Winter is one of the best times to fish anywhere in the Carolinas. The weather is more stable than spring and fall, and angling pressure and boat traffic are lower. Likewise, a number of fish species readily bite all winter.

The biggest drawback is the temperature. Except for  the occasional warming trend, it’s cold. However, with state-of-the-art cold-weather apparel and gear, taking the winter off is a big mistake.

Before you load the yak and rods and head for the nearest water to see what’s biting, there are a few things to consider.

Researchers have laid out a proven formula for staying warm by dressing in layers, using specially fitted textiles that remove moisture but retain heat. The first caveat to this is that none of these garments are made with cotton, which acts more as a cooling textile. When wet, it traps moisture around you, so you’re going to have to ditch the jeans and T-shirts.

Hypothermia is a real concern, which is why the US Coast Guard created its 100-degree warning. Add the water temperature and the air temperature; if the sum isn’t at least 100, there’s a serious threat of exposure to hypothermia if you wind up in the water. The Coast Guard also tacks on another 50 equation, stating if you aren’t wearing a life preserver when this happens, there’s a 50/50 chance you won’t make it out of the water.

A base layer of a lightweight, non-restrictive garments is first, typically wool, synthetic materials or silk woven into compression-fitting garments. This layer functions to wick away moisture, leaving dry and warm material next to the skin.

The middle, insulating layer is wool, goose down or fleece, choosing between natural and synthetic materials. The insulating layer can be regulated between lightweight, mid-weight and heavyweight depending on the conditions you’ll be facing.

The outer layer or shell is for weather protection. Even on a bluebird, windless day, the paddling angler is prone to get wet from paddle splash or waves. Waterproof, windproof shells that are breathable — they allow some air circulation to the inner layers — are the best choice. 

Again, the weight of outer garments will reflect the severity of the environment, with some added insulation included or merely a shell of polyurethane-coated nylon that is waterproof and windproof.

The clothing list is topped off with head wear and hand wear to keep the paddler both warm and dry. Don’t skimp on these items. Hands, face, feet and head are the first things to get cold. Neoprene (insulated rubber) is a great fabric for covering extremities, especially hands, because of its flexibility. Also in neoprene are glove liners, neck gaiters, and socks.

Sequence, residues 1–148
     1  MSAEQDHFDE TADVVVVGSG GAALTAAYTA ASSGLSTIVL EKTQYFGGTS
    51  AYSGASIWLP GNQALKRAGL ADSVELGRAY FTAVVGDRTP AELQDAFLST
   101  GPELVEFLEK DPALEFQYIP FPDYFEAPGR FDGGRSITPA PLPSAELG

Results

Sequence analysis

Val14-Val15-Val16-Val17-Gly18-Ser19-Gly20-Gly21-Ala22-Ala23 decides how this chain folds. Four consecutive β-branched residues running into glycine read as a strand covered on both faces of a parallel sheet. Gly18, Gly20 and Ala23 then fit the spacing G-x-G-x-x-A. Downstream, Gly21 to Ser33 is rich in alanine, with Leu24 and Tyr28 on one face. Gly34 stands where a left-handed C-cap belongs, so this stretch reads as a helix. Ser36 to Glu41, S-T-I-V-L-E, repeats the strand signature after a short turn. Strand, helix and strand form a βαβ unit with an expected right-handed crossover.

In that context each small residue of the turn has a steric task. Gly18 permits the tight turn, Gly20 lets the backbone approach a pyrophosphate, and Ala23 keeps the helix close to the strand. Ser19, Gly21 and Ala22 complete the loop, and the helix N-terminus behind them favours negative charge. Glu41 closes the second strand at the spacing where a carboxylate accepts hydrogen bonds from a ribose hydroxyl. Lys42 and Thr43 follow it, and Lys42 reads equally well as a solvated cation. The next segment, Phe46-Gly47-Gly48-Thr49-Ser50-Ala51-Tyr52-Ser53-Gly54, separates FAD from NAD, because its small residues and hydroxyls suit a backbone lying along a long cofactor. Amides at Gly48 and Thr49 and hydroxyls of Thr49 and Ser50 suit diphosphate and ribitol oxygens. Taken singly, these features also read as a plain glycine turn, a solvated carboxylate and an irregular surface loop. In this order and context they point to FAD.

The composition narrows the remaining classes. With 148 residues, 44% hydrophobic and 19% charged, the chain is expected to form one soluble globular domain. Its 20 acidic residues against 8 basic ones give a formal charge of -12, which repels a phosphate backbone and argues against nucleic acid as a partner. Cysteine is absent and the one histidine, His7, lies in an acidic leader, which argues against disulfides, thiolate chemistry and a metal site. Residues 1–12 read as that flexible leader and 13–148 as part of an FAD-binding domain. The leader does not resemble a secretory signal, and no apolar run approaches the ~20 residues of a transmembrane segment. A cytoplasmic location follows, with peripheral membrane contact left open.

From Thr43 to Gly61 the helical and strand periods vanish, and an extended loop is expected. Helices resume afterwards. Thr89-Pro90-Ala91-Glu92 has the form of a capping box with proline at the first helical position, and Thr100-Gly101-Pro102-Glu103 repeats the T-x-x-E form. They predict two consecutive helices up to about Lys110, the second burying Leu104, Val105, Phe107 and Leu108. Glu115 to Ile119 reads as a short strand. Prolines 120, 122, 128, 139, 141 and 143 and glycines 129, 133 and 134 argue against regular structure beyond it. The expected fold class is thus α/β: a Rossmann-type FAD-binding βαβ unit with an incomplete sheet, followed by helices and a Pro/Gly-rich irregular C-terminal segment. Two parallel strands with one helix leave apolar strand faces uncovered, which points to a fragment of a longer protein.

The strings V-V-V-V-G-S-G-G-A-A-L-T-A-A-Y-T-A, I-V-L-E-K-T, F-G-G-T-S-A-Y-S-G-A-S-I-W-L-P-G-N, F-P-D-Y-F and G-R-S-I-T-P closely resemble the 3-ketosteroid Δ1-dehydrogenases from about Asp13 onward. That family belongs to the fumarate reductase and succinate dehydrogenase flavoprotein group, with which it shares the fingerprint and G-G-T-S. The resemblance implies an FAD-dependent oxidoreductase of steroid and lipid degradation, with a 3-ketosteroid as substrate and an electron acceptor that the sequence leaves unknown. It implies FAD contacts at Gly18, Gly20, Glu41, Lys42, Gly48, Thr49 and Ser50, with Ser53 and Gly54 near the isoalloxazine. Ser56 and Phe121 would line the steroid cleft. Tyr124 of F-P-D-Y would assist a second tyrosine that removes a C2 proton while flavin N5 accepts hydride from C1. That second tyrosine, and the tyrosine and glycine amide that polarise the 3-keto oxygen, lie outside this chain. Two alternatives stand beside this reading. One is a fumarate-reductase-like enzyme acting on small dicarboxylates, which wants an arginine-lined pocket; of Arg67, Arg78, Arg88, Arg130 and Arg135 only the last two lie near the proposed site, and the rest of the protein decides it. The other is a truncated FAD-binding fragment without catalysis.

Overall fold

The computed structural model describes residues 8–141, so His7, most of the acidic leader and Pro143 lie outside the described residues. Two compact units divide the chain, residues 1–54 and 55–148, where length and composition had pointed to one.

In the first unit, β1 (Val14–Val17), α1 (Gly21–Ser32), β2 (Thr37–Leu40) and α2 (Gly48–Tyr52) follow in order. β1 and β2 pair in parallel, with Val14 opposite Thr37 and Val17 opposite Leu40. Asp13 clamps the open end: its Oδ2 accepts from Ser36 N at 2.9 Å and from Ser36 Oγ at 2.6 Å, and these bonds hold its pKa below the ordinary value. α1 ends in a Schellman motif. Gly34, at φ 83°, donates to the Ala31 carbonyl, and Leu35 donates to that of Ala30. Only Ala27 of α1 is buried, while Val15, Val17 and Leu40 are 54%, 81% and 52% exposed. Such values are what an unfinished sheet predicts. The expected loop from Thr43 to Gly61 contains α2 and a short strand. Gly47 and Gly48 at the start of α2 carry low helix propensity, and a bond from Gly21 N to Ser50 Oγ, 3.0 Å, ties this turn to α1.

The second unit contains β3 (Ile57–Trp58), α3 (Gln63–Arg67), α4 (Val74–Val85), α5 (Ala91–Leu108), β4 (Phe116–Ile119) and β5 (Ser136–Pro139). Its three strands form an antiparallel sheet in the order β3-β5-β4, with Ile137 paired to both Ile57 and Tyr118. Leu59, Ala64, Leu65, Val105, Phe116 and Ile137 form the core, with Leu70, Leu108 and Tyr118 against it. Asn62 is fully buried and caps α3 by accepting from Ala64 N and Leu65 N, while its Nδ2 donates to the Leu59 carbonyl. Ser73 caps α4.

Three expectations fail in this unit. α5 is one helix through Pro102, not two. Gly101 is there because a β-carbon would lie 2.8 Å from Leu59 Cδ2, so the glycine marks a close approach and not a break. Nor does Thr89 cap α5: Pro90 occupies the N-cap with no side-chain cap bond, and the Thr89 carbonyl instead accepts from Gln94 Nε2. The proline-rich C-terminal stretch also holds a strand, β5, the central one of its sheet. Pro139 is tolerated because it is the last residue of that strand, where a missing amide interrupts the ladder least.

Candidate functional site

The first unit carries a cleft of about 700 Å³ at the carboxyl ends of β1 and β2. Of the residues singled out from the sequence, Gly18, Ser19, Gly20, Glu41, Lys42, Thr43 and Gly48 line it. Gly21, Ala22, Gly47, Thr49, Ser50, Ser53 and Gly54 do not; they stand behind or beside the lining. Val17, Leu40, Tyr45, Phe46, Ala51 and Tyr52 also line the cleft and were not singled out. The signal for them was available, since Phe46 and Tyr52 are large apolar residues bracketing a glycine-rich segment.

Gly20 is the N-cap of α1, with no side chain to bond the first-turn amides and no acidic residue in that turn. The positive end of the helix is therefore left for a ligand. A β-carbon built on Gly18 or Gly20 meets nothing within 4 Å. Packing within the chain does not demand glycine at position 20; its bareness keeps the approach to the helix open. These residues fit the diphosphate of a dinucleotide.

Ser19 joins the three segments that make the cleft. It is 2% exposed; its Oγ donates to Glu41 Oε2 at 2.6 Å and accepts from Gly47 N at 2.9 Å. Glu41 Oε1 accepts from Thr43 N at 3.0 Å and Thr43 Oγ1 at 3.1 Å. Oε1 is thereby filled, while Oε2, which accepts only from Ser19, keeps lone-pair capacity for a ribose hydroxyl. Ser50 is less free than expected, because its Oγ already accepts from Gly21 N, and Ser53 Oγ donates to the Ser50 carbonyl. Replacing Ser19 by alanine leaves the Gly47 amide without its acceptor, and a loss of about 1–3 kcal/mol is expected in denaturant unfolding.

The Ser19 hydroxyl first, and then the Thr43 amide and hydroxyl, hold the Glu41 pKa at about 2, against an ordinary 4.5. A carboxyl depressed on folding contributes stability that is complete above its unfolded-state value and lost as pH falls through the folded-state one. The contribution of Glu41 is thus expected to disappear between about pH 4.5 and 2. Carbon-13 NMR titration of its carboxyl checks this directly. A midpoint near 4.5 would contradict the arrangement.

A note is in order regarding footwear. Once in the boat, there is not much need for heavy tread on the feet, which can also impede those kayakers who pedal versus paddle. However, launching and landing is nearly impossible without your feet getting in the water.

Neoprene footwear, either boots or shoes that are completely waterproof, fit the bill nicely. For deep-water launches or river fishing where getting out of the boat to portage over or around obstacles is likely, a hip boots or chest waders may be in order.

Once properly dressed, add a PFD on top of that clothing. Standard-fill PFDs add bulk, which impedes casting or paddling; inflatable PFDs are a perfect fit for winter paddlers. An auto-inflator is preferred, as a spill in cold water can render you immobile for the first few critical seconds in the water.

Other gear and essentials to prepare for winter outings include a change of dry clothing — a spare base layer and middle layer to change into after a spill — in a waterproof bag. Fortunately, outer shell garments dry quickly when hung up. 

Don’t overlook your body’s needs. Your water requirements aren’t much different between a cold, winter day and a hot, summer day. The difference is, physical triggers that tell you more water is needed are not as dramatic when it’s cold.

High energy foods — protein bars and shakes that doesn’t require a lot of room to store — are good to have on board. Your body is being taxed twice, to generate heat and keep warm, while also generating the power to propel you on the water.

Standard gear for winter may not change with regard to the fishing portion of the excursion. A landing net or pair of grips come in handy to land fish without putting your hands in the water. A dry box to store cellphone, keys and camera is particularly handy. Wearing so much clothing, it’s easier to stick those items in a box than go digging through all your pockets.